Barkleys Hill meadow

Reaching the road (Barkleys Hill), bear left to rejoin Bell Hill below the layby where you started. Cross the road and walk down the hill, crossing the end of Averay Road at the traffic lights, until you are standing on Stapleton Road underneath the M32 viaduct.

You have reached your first bridge over the River Frome (2). Downstream of this point, storm waters are redirected into a drainage tunnel leading to the Avon Gorge, while a reduced River Frome runs through concrete channels and culverts, surfacing briefly in St. Paul’s (see Walk Three ‘The Eastern Arc’) before disappearing under Bristol City Centre to drain into the city docks (see Walk Two ‘The City Docks’). Upstream of here, however, the river valley retains much of its natural beauty despite bring surrounded by suburbs and villages. This is the stretch of the river that you will now be following.

Cross the bridge and turn left along the shared pedestrian/cycle path that runs alongside the river.

You are now within Eastville Park, one of Bristol’s major Victorian parks. The park has suffered significant indignities over the years in the name of progress: at one time a dramatic railway viaduct, known as the thirteen arches, crossed the Frome Valley near to this point, but it was demolished to make way for the M32 (not all traces of the old branch line have been erased, though – see Walk Eleven ‘Easton and Eastville’). Despite the changes, however, the park still makes a huge contribution to life in this part of Bristol.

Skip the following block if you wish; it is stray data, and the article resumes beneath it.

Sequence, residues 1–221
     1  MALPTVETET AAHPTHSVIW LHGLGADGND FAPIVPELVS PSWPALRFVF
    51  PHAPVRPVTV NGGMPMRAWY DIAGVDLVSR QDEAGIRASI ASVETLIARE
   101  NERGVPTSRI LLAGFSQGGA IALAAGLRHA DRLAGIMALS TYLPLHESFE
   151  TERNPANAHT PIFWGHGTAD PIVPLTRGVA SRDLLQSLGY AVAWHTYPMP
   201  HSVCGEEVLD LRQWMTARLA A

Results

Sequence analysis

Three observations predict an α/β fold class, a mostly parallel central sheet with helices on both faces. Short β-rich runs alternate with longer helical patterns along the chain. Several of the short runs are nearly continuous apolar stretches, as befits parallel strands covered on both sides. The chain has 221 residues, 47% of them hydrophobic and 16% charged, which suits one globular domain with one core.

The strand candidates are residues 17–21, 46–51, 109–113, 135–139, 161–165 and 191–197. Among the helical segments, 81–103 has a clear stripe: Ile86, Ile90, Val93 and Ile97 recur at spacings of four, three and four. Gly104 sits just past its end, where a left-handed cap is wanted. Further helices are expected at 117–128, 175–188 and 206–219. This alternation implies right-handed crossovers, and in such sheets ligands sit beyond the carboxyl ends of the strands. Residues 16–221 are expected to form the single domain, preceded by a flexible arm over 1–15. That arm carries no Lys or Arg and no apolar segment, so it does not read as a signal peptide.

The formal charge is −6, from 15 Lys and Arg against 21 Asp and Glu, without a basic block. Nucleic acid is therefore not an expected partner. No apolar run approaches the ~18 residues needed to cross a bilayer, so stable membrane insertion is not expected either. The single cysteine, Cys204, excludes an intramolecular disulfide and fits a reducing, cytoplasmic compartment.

The first stretch of the river as it passes through the park traces a quiet course between an embankment on the right and the Colston’s Field Allotments across the river to the left. Soon you will arrive at Eastville Park Lake.

Eastville Park Lake

A former boating lake, Eastville Park Lake remains a tranquil beauty spot that is popular with ducks, swans, anglers and dog walkers.

Stick to the left hand side of the lake, passing the remains of the boathouse.

Beyond the lake, the path continues to hug the river, passing the first of several weirs you will see on this walk. Soon you will reach your next river crossing, a narrow footbridge with low railings.

Cross the footbridge and follow the river path to the right, emerging on the narrow lane of Wickham Glen.

If you are following Short Route 1, turn left at this point and then left again onto the leafy gloom of Colston Hill. Climbing gradually between high stone walls, you will eventually emerge in Stapleton on a tiny village green behind Holy Trinity Church.Continue straight on to return to Bell Hill and complete the walk.

Wickham Glen is part of a network of ancient lanes that converge on Wickham Bridge, an old stone river crossing at the heart of Stapleton Glen. Long since closed to traffic, the area now exudes rural quiet and charm.

Turn right onto Wickham Glen and cross Wickham Bridge (3). Continue straight on into Wickham Hill.

A quiet, overgrown lane lit by gas lamps, Wickham Hill maintains a timeless rural feel. Don’t miss the cluster of historic buildings at Wickham Court on the right. At the top of the lane, a row of picturesque cottages mark the junction with Blackberry Hill.

Wickham Court, Stapleton

Cross Blackberry Hill and make your way back down to the bottom of the valley, reaching the Frome Bridge (4).